Today is Thursday, April 19. Here are five things you should know.
1) Warmer. Today looks to be a good one, with highs climbing back up to 73 degrees and partly cloudy skies, according to Weather Underground. At night, the skies will clear up once the evening gathers steam and things won’t get too cold, with a low temperature around 50 degrees predicted.
2) Marburg virus. The National Institutes of Health will host a public hearing tonight regarding the latest risk assessment for the National Emerging Infectious Disease Laboratory (NEIDL), commonly referred to as the . For years, the highly-controversial lab has been hampered by legal challenges and regulatory reviews, but plans to conduct research on some of the deadliest pathogens known to man are still on the table. The university plans to use about 16 percent of the building as a biosafety Level 4 Biolab to study lethal disease which travel by air and for which there are no known cures or vaccines, such as Ebola and Marburg virus. Click here to read more about the hearing.
3) Launch. The Boston Globe will host a celebration commemorating the launch of Fenway 100, a publication marking the 100th anniversary of Boston’s storied old ballyard, at Game On! on Landsdowne Street tonight at 6 p.m. The event will be hosted by celebrated Globe scribe Dan Shaughnessy, and the program features former Sox lefty Bill “Spaceman” Lee, Globe sportswriter and author of Fenway 100 John Powers, Dropkick Murphy’s frontman Ken Casey and Sports Museum curator Dick Johnson. Refreshments will be served and the Sports Museum will be showcasing priceless Fenway memorabilia spanning the park’s 100-year history.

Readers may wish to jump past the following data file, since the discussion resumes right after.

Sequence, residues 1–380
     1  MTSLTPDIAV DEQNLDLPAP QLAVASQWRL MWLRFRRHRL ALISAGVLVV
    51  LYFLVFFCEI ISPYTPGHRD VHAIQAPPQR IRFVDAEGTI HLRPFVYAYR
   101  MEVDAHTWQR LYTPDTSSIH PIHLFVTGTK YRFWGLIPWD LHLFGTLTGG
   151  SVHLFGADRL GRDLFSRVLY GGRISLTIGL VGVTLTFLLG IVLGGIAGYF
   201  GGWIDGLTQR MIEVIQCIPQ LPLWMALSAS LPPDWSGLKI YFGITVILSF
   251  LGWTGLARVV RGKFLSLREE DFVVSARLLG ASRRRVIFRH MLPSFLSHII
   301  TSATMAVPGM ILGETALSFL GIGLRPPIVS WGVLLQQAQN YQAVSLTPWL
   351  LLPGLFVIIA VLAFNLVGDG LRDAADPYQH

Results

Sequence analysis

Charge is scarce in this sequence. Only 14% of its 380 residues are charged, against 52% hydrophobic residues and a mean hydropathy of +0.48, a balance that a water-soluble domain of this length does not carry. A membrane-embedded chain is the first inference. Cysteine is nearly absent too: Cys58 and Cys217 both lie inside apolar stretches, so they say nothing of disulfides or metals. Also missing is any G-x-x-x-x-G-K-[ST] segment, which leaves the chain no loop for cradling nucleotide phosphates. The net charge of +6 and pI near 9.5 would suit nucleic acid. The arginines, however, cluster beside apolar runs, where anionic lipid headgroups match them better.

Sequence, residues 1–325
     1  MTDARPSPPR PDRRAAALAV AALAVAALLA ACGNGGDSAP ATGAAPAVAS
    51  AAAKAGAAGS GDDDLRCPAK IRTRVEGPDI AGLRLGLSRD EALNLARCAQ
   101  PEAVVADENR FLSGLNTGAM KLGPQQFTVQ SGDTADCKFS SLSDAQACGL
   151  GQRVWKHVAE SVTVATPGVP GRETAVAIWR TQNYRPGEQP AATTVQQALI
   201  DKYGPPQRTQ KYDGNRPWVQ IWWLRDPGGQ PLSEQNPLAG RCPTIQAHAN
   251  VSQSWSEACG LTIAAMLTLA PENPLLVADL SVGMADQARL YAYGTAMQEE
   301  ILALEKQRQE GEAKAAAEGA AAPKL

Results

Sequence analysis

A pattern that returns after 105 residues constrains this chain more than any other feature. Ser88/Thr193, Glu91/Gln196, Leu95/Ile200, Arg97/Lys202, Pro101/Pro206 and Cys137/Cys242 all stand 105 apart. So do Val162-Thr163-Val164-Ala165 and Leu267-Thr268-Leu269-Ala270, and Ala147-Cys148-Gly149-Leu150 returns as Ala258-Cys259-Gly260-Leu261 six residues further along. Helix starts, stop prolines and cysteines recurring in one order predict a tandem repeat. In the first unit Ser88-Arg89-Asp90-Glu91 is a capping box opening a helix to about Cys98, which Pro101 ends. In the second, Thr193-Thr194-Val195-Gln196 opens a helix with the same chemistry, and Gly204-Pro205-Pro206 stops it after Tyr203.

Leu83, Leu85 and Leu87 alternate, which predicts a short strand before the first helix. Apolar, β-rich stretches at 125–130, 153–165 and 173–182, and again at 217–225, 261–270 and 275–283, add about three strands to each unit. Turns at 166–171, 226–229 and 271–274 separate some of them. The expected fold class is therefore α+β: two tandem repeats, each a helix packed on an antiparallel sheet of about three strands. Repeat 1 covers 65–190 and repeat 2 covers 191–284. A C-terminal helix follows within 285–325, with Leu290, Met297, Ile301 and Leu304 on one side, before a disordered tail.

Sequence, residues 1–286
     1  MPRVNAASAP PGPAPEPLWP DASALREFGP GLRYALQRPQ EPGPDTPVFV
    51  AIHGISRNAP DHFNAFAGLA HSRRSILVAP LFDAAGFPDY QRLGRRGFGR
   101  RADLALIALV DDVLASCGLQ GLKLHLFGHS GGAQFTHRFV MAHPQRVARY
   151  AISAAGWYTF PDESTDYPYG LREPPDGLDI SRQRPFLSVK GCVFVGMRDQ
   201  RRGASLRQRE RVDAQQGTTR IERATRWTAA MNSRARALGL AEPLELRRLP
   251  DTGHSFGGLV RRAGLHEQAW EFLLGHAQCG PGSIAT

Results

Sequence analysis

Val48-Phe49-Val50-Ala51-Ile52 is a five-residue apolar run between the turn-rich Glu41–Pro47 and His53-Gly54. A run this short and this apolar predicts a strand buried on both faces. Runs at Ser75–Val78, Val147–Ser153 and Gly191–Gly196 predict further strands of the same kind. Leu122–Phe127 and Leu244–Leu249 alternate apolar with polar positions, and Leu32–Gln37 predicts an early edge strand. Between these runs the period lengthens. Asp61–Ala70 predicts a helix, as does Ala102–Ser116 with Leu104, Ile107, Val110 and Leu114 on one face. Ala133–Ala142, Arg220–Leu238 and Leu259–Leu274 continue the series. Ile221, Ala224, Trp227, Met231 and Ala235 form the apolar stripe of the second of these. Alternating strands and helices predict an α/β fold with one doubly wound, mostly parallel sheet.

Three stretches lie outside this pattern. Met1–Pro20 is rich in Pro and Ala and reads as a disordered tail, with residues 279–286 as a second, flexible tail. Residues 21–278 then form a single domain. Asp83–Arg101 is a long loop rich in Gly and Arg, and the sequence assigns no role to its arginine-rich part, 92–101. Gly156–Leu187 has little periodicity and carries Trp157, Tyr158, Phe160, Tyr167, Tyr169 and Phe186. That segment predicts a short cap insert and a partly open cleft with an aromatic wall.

4) Battle of the Bands. If you haven’t submitted a video entry for our , better get moving as the Friday deadline looms. The rules are simple: submit a performance video of your band (solo artists are fine too) playing an original composition (no covers), keep the length to four minutes or less and a bunch of other details you can , and, boom. You’re good to go. Prizes include some free studio time and a gig at the Harp, among other things.
5) First Marathon. On this day, in 1897, John J. McDermott of New York won the first Boston Marathon with a time of 2:55:10. The Boston Marathon was originally held on Patriot's Day, April 19, a regional holiday that commemorates the beginning of the Revolutionary War. In years when the 19th fell on a Sunday, the race was held the following Monday. In 1969, Patriots Day was officially moved to the third Monday in April and the race has been held on that Monday ever since.